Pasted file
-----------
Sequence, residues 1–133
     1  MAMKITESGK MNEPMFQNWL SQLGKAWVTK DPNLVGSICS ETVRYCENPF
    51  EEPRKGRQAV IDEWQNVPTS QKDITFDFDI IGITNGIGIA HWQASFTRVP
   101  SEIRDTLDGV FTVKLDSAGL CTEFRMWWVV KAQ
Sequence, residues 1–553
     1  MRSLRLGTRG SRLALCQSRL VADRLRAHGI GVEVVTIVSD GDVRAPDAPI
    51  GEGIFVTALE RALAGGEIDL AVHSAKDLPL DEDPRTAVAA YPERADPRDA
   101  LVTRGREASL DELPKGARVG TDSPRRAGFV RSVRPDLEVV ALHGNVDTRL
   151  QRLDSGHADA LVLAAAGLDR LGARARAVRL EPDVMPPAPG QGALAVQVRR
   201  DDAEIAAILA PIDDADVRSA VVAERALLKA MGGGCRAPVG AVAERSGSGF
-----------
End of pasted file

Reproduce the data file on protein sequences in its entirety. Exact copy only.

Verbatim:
Sequence, residues 1–133
     1  MAMKITESGK MNEPMFQNWL SQLGKAWVTK DPNLVGSICS ETVRYCENPF
    51  EEPRKGRQAV IDEWQNVPTS QKDITFDFDI IGITNGIGIA HWQASFTRVP
   101  SEIRDTLDGV FTVKLDSAGL CTEFRMWWVV KAQ
Sequence, residues 1–553
     1  MRSLRLGTRG SRLALCQSRL VADRLRAHGI GVEVVTIVSD GDVRAPDAPI
    51  GEGIFVTALE RALAGGEIDL AVHSAKDLPL DEDPRTAVAA YPERADPRDA
   101  LVTRGREASL DELPKGARVG TDSPRRAGFV RSVRPDLEVV ALHGNVDTRL
   151  QRLDSGHADA LVLAAAGLDR LGARARAVRL EPDVMPPAPG QGALAVQVRR
   201  DDAEIAAILA PIDDADVRSA VVAERALLKA MGGGCRAPVG AVAERSGSGF